Keep Petunias And Calibrachoa Shining All Season
By: Jessie Keith
For glowing garden color nothing beats that old standby, the Petunia. Why? Petunias, and the closely related Calibrachoa, are tough, pretty and thrive in containers and sunny flower beds. And, for designing with annual color there’s no better choice; happy plants bloom nonstop and come in a broad array of exciting colors — from blue to magenta and even green! The only drawback is how they dwindle in mid- to late-summer if not properly maintained.
After an early- to mid-season explosion of color, they start to look worn and peter out as the dog days of summer hit — especially container-grown plants. But, you can stop this floral decline before it begins. A few simple steps will ensure top petunia performance well into autumn.
STEP 1: Start Right
First, start big and plant right. For best success, purchase starts as larger vigorous plants in three to four-inch pots, rather than small, needy plugs or meager seed-grown specimens. This will provide you with more vigorous, prettier plants faster.
Next, be particular about amendments or container medium. If your planting beds need a boost, amend with Black Gold® Earthworm Castings or Garden Compost. Both will fortify soil and yield bigger, happier bedding plants. Containers should be filled with a light potting mix that is porous, yet moist enough to be easily irrigated. Black Gold® Natural and Organic Potting Soil Plus Fertilizer is a top notch choice. (Bagged mixes of lesser quality are heavily pre-wetted, harder to handle and offer less aeration.) Increase the water holding capacity of any medium by adding a three to one ratio of Just Coir.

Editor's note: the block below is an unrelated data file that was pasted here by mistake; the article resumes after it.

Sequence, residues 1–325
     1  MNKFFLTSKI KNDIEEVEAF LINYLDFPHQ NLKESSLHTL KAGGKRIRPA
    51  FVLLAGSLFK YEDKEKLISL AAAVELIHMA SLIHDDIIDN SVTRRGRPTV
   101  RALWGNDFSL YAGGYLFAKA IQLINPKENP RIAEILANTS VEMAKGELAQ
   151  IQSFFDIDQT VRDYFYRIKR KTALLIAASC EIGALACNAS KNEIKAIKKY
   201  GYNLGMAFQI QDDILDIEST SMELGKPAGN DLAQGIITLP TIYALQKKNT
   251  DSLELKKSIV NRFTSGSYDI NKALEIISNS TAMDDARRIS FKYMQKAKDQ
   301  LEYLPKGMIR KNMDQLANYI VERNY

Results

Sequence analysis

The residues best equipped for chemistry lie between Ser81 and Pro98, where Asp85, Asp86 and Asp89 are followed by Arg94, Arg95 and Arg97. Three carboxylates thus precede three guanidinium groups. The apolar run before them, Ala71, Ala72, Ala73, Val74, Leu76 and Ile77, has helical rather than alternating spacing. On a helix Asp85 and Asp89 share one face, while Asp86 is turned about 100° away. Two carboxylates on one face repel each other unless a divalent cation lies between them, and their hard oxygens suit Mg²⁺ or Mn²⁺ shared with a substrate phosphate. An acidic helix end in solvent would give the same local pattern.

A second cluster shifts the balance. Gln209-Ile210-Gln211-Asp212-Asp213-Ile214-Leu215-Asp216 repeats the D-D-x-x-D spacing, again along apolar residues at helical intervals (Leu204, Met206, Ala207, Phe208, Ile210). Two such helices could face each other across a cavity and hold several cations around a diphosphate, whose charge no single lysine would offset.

Choosing the right fertilizer is essential. High phosphorus fertilizer specialized to promote blooming and rooting encourages faster root development for healthier plants and more flowers. Choose an OMRI Listed fertilizer approved for organic gardening. For best results, fertilize containers every five to six weeks.
It is generally stated that petunias and Calibrachoa need full sun for best blooming, but they will flower nearly as well in partial sun, especially where summers are very hot and humid. Overall, six hours of direct sunlight will suffice. Any less will yield plants that are leggy and flower poorly.
STEP 2: Maintain, Prune, Maintain!
Consistent care and a midseason pruning are essential to keeping petunias blooming vigorously up to frost. Regular water is crucial — especially for container specimens. Just one day of water missed can dry up a plant and leave it looking poor for weeks until nurtured back to health. During hot, dry spells twice daily watering may even be needed. Before watering, check by feeling the soil to the depth of two inches—if it feels barely moist to dry, it’s time to water again.
Petunias need a midseason chop to bounce back to their early summer glory (ground cover petunias, like those in the WaveTM series, are an exception). Cut them back considerably by ¾ in mid-July to keep them from developing old, bloomless, leggy stems. Unlike petunias, Calibrachoa don’t require midseason pruning unless they begin to look ungainly and then only a light trim is required. Follow up by giving pruned plants a boost of fertilizer, a good drink, and within a couple of weeks they will burst forth again in glorious bloom.
Enjoy Into Fall
When it’s time to plant potted mums, asters, ornamental peppers and colorful kales, I always work them in and around pre-existing petunia and Calibrachoa plantings. Nothing’s prettier than a raspberry red and pink Supertunia® Raspberry Blast petunia weaving itself among fall standards like steely ‘Winterbor’ kale and ivory mums. Beautiful!